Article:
Boko Haram, Nigeria's al-Qaida-tied Islamist terrorism organization, is part of a growing trend toward violent Islamism in Africa, writes Nigerian Tribune Regional Editor Olawale Rasheed. While military means are needed to defeat the movement, its ideology can be defeated only by cutting the funding supply to local extremists and empowering moderates.
"The problem is that even when the manifestation is destroyed, the ideology remains, leading to fears that in the future the ideology may sprout another manifestation with even more violent orientation," Rasheed says in a Feb. 17 article. "The nation cannot just fight the manifestation but should strategically tackle the ideology to prevent it from gaining permanent foothold in the country."
Boko Haram launches attacks almost daily, targeting Nigerian churches and government buildings.
The primary problems, Rasheed says, are money and ideology coming in from Saudi Arabia and the Arabian Gulf countries, as well the increasing radicalization of Muslim nations surrounding Nigeria.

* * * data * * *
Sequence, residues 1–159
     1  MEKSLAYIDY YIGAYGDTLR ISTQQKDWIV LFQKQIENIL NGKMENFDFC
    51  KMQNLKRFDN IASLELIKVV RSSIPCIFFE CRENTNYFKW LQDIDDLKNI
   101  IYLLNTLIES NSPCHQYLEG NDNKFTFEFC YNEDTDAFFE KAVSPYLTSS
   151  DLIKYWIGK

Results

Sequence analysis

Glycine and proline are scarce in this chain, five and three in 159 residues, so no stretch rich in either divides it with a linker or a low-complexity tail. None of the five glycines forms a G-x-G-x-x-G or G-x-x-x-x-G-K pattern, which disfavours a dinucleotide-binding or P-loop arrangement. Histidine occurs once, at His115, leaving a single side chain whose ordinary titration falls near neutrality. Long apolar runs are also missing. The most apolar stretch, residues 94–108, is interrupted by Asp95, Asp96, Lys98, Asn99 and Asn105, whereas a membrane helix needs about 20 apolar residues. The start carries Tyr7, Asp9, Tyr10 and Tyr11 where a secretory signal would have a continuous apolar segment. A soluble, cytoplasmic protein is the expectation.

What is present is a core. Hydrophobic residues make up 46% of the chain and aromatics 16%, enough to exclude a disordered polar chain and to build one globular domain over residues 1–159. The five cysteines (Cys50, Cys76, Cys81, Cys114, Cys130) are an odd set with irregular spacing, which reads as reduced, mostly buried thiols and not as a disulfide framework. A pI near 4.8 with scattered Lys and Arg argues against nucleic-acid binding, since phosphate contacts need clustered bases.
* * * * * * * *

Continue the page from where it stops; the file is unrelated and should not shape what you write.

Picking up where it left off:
Although Sufi Islam has long been the dominant tradition in Nigeria's Muslim areas, local moderates struggle to keep up with the funding and support provided by Saudi petrodollars. In a relatively short time, extremism in Nigeria has moved from support of outside terror groups to fundamentalist demands inside of Nigeria, including the ultra-conservative application of Sharia law. This has even led to persecution of the dominant Sufi majority by more radical Islamists, who are pushing for the control of mosques and Islamic organizations.
Rasheed suggests that the Nigerian government follow the solutions proposed by moderate Imams throughout the country. The state should monitor foreign funding of religious activities, including their motives. It could provide state support for Sufi Muslim leaders, who are already the vast majority in several Nigerian regions, and strengthen local traditions against foreign extremism. Downplaying talk about American involvement in counterterrorism would also take away some of the propaganda of the extremists.
Failure to break the extremist hold on the nation could be devastating. "A foreseeable scenario for the nation may be a Wahabi domination of the South and a Salafi entrenchment of the North, a possibility that may further heighten future fears of confrontations," Rasheed says. That means suffering for Nigeria's large Christian population and the growth of new and competing terrorist groups, even if Boko Haram were defeated.